Sep 21, 2018
Cass Midgley talks with Casper Rigsby. I had Casper on back on episode 153 and being how he lives right here in Murfreesboro, I invited him over for a little chat about the state of the union and the subject of Identity.
We interview people you don’t know, about a subject no one wants to talk about. We hope to encourage people in the process of deconstructing their faith and help curb the loneliness that accompanies it. We think the world is a better place when more people live by sight, not by faith. Please subscribe to our podcast, and leave a review wherever you listen to podcasts. Also, we offer these podcasts freely. And your support truly makes a difference. You can support us monetarily in two easy ways: you can pledge a monthly donation through Patreon. that’s www.patreon.com/eapodcast, or leave a lump-sum donation through PayPal at our website, www.everyonesagnostic.com.
We taped this conversation on
August 19th, 2018.
The intro music is by Dave Weckl called "Just Groove Me"
The segue music on this episode is "We Care A Lot" by Faith No More.
Thanks for listening, and be a yes-sayer to what is.
Casper is a prolific blogger and has personally published 7 books, including his best-selling title, "The Bible in a Nutshell." His work ranges from comedic blasphemy to philosophical inquiry and discourse. He was also nominated in 2015 for the Hitchens Prize which recognizes “an author or journalist whose work reflects a commitment to free expression and inquiry, a range and depth of intellect, and a willingness to pursue the truth without regard to personal or professional consequence.”
To me, he's a young man, probably around 30, with a strong mind, a big heart, and a feral determination to thrive. He and I have very different histories. I don't know much about this because he doesn't talk about it much, but he served time in prison and was involved in white supremacy. Perhaps that's why he's so vehement now against it. I love him and I think you'll gain something from being with him for 45 minutes.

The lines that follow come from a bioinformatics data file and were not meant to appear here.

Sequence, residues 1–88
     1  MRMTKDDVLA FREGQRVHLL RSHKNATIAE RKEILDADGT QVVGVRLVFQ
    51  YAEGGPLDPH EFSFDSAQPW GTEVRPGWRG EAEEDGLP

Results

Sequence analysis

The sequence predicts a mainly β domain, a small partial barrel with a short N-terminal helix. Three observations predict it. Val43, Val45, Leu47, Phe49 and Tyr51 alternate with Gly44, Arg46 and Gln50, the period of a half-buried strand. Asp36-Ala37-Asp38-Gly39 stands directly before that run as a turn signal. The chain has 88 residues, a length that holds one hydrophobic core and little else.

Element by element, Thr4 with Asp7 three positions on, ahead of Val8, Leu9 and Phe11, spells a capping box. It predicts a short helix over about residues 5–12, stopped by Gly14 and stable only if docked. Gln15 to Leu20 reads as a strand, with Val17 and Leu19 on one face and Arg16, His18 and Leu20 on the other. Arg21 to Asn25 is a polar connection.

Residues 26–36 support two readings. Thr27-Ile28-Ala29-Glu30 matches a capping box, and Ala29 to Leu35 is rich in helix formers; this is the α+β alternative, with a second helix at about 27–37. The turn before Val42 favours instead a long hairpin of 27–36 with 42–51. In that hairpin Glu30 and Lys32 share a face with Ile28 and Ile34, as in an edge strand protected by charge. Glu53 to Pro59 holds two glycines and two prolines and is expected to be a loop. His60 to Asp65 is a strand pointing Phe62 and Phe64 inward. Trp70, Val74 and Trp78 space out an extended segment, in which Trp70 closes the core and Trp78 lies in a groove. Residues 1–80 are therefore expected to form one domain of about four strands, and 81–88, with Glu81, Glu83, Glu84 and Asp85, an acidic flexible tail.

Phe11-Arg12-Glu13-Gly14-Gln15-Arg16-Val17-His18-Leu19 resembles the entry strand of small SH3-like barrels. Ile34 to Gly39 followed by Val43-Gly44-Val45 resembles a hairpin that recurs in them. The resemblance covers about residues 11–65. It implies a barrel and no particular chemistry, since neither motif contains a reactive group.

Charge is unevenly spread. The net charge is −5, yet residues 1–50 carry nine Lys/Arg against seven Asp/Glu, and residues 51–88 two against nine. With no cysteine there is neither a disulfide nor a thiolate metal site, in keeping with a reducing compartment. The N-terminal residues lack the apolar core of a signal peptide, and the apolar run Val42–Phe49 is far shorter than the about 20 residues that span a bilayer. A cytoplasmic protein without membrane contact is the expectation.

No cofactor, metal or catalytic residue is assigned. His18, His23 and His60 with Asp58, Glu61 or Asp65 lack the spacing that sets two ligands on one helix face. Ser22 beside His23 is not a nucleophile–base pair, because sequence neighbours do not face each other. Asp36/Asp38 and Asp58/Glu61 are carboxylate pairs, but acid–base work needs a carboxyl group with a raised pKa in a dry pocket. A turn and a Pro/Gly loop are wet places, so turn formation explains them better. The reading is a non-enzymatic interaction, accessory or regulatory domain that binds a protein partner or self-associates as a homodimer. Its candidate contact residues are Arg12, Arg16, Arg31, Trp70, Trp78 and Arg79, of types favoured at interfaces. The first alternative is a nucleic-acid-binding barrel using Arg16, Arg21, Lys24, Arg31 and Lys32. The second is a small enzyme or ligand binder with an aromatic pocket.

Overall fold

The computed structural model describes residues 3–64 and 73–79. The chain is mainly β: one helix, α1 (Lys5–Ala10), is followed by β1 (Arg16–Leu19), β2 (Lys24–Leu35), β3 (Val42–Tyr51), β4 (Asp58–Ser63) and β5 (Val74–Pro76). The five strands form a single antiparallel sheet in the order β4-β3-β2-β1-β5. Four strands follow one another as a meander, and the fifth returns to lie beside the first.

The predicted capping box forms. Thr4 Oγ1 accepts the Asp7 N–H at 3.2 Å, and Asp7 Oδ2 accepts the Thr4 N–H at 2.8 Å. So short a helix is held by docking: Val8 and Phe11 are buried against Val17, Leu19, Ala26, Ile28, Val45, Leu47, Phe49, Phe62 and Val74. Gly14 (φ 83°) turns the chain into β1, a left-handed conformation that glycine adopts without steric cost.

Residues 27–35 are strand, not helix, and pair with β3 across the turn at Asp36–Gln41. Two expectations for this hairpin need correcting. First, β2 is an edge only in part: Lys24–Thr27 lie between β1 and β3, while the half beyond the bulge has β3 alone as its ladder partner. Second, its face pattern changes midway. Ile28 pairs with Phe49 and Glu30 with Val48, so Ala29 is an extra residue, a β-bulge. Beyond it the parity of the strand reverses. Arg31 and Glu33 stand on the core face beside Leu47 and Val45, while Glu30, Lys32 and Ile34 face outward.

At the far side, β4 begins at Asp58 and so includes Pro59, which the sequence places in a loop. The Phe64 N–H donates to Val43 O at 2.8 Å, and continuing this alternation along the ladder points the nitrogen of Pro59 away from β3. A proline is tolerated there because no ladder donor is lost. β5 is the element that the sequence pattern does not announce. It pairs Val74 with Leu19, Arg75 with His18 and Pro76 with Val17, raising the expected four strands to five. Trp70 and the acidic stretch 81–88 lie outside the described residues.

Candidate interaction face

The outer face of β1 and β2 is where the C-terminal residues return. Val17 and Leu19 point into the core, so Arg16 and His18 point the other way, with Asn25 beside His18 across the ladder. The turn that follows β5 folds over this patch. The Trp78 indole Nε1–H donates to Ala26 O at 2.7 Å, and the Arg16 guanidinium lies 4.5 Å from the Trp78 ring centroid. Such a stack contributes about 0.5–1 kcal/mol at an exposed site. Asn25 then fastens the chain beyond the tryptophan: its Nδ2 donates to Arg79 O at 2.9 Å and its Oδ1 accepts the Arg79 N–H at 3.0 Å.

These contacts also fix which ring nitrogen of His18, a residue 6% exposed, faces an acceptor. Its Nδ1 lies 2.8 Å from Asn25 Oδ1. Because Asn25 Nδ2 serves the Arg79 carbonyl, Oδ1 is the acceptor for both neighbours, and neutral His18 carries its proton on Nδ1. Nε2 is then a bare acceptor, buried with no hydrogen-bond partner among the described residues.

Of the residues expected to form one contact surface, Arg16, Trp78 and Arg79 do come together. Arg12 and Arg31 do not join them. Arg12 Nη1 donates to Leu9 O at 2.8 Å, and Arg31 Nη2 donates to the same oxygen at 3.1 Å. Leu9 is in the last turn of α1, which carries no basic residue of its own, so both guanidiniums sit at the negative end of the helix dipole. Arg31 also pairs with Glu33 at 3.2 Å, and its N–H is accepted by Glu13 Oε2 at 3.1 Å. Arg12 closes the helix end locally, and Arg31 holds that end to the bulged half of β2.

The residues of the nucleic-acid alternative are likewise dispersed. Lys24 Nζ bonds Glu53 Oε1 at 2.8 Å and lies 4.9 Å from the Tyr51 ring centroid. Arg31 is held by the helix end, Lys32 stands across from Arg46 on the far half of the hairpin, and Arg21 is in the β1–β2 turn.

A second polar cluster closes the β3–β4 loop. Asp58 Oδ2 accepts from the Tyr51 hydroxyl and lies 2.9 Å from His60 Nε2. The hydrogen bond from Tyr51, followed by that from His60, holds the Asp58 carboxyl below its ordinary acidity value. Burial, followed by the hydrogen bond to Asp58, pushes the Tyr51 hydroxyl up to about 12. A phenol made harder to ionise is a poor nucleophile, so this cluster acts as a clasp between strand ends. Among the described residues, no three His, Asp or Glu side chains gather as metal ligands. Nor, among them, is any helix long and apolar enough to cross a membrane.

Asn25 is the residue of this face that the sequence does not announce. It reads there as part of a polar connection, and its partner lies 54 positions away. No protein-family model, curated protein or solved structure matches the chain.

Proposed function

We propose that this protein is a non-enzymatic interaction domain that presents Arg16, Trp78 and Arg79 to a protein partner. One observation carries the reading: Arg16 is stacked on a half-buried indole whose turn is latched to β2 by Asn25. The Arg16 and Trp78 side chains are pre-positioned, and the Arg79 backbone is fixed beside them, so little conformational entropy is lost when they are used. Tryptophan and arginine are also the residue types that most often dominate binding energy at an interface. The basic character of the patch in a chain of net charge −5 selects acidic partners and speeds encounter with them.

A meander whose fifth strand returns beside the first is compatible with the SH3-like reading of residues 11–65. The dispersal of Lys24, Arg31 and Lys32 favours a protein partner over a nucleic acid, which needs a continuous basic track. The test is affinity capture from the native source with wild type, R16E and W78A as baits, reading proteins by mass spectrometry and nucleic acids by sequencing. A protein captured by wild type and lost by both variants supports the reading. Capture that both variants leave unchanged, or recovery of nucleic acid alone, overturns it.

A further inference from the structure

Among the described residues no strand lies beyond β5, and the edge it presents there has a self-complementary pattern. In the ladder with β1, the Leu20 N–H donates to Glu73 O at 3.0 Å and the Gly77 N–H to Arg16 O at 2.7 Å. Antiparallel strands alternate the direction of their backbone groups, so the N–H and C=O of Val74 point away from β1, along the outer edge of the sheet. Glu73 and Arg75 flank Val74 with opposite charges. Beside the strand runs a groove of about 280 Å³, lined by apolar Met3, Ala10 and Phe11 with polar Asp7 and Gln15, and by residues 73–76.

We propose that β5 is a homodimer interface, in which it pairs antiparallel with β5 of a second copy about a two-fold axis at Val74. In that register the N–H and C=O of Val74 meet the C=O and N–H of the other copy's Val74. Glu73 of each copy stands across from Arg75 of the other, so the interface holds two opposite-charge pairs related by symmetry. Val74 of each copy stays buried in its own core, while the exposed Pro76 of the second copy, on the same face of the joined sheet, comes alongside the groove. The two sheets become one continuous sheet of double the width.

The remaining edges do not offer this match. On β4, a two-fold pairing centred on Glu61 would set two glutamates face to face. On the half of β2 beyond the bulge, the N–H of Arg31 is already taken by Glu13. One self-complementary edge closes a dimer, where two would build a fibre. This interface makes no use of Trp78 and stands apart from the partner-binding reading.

Message from listener: "Hi Cass, I really loved and appreciated the episode with David Hayward. My deconstruction began almost two years ago when I lost my 21-year-old daughter in a tragic UTV accident in which she was a passenger. She was home for the weekend from her Air Force duty station in SC. I lost a husband at 24 that was very difficult, but losing my daughter has destroyed my foundation and all that I knew. I was a student pastor at the time and had been an active devout christian for 3 years. A short time, but I was all in. I went from being a believer to a disciple very quickly. I had grown up "knowing" there was a god and I was supposed to get right with him one day. And so I finally did. Joined the church and served with all that I had to give...three years later on a Sunday, my best friend, part of my everything, was taken from me. The night we lost Morgan, my faith began to collapse. Where was god when I prayed for my child to survive. Where was he when I was lying on the floor day in and day out in agony wishing for my breath to escape my body and never return? Where was he when all the people abandoned me and my family? Where was he in all of my questions and pleadings? Nowhere, I learned. I learned the night of the accident that prayer doesn't work. It's nothing but mere words to a sky. Soon after, within weeks, the pastor informed me "I needed to be at church, so people could love me." I guess meeting me in my brokenness at my home was too much. I needed to be in their comfort zone. I couldn't comply. The church, the people were soon gone...before the casseroles could get cold actually. It was then that I learned that the holy spirit was a lie. People aren't changed by anything. They are the same selfish people they've always been. That was step two in my deconstruction. Step three was realizing that when I stopped brainwashing myself with singing, bible reading and teaching, and Sunday services suddenly god was gone. I never felt him after I lost my child. Not one time in my pleading, begging, and praying for something, anything, did I get a reassurance that my child was in Heaven, he didn't do this, he was good...or any of the stuff I needed. I learned it was because he was never there. It was all in my head.....Step four was when I enrolled at university to pursue the undergraduate degree my daughter was in the process of getting. I had my children young so I put off getting my degree to raise them and work. I wanted to do this to honor her. As I began taking classes, at a christian university of all things, I began to learn about the early church and its beginnings in a western civilization class.....this added to my newly formed belief that the church and religion were nothing more than man-created ways to handle the existential issues of life. Well, that and a way to rob men of their money and time. I also began exploring on the internet and in books all the things I had closed my mind to to keep from being of the world when I was a believer. Books, articles, websites, etc that were filled with rational information helped me see that what I was learning and feeling was legitimate. I soon left the christian university and transferred to the university my daughter attended before joining the air force. I'm in my sophomore year there now. I say all this just to give some background as to why I related to this episode with David so much. In addition to my husband and I losing our daughter, we lost our faith. Our complete beings were attacked and therefore so was our marriage. It has definitely been hard with both of those combined weights attacking it from all angles. We are fighting though. We have 16 years together and we both believe its worth the uphill climb. Some days are really hard. Neither of us is the same person, and we are having to relearn each other, grieve, help the other grieve, help our surviving daughter (who was at the accident that took her sister) deal with PTSD, and create new meaning, all while doing the necessary tasks that life demands. I have related to many of your guests and I'm thankful for the echo chamber and think tank that you provide with this podcast. Validation is a very important thing for humans in order to not feel alone and isolated, which is very easy to do in a situation such as ours. I need it in the loss of my child and grief, and I need it in the loss of god and the grief that that brings. Thank you for your wisdom and for sharing your own journey, as well as those of your guests. What a great way to create meaning in your life, helping us who are new on this journey. Much love to you Cass. (I added her to the private support group on FB - ep207 death, ep216 Grief)